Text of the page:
$9.99: Can "Just-Below" Pricing Be Reconciled with Rationality?
A common explanation for the prevalence of "just-below" pricing is that consumers irrationally perceive a price such as $9.99 as significantly lower than $10. This paper offers an alternative explanation that preserves rationality: rational consumers may not include price endings in their considerations because the costs of doing so outweigh the benefits. The model is tested employing a data set consisting of catalog prices, characteristics of goods and advertising traits. We find that the pattern of "just-below" pricing is consistent with both profit-maximizing producers and utility-maximizing consumers.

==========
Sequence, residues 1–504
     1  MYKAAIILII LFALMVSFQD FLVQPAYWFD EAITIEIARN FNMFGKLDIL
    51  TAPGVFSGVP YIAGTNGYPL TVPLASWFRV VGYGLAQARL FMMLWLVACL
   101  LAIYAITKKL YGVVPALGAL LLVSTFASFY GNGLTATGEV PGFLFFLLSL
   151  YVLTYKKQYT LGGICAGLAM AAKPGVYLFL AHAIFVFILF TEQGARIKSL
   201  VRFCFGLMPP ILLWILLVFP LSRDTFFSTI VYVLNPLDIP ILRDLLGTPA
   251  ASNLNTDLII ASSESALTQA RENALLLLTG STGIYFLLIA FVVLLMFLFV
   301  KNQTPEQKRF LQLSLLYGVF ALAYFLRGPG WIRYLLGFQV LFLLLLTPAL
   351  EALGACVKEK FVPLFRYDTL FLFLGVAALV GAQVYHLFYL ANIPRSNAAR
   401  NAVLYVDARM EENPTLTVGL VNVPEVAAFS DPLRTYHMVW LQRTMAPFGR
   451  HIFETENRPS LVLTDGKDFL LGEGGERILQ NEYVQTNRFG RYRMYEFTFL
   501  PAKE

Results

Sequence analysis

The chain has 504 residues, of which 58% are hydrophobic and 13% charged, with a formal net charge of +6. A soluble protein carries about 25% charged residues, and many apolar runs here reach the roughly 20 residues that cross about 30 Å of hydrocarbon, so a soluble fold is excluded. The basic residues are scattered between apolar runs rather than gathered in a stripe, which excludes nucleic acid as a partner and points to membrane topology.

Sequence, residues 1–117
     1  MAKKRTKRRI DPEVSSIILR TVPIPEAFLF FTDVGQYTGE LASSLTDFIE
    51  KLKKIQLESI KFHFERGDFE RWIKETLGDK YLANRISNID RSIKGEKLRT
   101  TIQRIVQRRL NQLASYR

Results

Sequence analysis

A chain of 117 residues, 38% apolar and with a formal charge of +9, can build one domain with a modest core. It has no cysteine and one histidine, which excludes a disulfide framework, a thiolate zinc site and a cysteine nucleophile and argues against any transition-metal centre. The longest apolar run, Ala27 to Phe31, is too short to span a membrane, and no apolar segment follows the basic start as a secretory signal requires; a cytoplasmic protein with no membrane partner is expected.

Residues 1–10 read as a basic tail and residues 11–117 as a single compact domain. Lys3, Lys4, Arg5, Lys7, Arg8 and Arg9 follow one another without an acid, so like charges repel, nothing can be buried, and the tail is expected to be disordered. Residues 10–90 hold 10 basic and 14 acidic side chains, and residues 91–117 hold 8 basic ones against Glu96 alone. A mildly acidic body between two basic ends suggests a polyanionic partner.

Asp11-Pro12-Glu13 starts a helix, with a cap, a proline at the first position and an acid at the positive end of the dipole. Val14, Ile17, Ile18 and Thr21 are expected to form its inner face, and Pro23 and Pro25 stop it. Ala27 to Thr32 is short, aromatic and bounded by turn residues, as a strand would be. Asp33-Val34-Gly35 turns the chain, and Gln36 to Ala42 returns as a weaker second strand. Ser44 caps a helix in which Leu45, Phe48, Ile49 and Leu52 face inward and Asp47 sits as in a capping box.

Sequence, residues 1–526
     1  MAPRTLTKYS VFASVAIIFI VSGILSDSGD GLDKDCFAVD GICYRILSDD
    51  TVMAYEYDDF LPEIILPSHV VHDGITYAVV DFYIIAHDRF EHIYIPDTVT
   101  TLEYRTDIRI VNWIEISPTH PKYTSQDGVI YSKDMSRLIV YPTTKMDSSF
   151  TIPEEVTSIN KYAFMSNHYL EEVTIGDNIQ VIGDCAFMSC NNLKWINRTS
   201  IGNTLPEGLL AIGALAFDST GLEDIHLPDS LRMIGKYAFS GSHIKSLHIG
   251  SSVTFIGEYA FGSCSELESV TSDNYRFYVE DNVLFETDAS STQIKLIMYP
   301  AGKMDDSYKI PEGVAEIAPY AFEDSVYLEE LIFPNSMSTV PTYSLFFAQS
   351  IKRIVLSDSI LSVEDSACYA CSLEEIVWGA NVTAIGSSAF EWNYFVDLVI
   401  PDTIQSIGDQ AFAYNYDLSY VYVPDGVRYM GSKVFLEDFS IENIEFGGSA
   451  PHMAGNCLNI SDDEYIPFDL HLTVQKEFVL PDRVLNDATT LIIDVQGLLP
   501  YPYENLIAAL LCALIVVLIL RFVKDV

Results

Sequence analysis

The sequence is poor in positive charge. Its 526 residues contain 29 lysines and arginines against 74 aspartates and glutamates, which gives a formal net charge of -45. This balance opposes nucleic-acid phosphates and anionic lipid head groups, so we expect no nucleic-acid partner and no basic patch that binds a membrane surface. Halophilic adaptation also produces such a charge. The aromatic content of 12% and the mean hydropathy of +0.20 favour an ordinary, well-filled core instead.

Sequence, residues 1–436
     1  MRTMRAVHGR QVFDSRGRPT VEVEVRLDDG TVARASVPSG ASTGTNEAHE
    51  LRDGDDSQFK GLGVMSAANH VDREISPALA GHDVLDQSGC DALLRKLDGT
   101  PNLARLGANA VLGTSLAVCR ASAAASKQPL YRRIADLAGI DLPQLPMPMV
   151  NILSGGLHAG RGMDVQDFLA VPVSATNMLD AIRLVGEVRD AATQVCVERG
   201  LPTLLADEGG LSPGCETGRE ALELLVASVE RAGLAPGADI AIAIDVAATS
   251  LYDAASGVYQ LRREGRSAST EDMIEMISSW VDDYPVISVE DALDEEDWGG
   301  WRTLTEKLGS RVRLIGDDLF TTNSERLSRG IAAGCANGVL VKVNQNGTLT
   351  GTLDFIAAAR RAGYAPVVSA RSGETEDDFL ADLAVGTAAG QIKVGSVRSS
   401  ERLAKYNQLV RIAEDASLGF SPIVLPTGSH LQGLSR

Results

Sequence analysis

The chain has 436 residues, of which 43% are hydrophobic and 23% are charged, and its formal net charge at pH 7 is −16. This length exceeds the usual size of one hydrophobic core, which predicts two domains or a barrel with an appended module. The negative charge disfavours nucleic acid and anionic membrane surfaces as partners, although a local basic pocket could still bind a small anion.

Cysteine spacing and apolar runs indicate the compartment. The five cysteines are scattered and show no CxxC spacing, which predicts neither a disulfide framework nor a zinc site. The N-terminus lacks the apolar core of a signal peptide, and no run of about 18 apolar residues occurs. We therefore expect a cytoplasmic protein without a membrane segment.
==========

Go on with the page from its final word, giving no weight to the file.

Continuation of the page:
Volume (Year): 22 (1996)
Issue (Month): 2 (Spring)
|Contact details of provider:|| Postal: c/o Dr. Alexandre Olbrecht, The Anisfield School of Business 205, Ramapo College, 505 Ramapo Valley Road, Ramapo, New Jersey 07430, USA|
Phone: (201) 684-7346
Web page: https://www.quinnipiac.edu/eea/
More information through EDIRC
When requesting a correction, please mention this item's handle: RePEc:eej:eeconj:v:22:y:1996:i:2:p:137-145. See general information about how to correct material in RePEc.
For technical questions regarding this item, or to correct its authors, title, abstract, bibliographic or download information, contact: (Victor Matheson, College of the Holy Cross)
If references are entirely missing, you can add them using this form.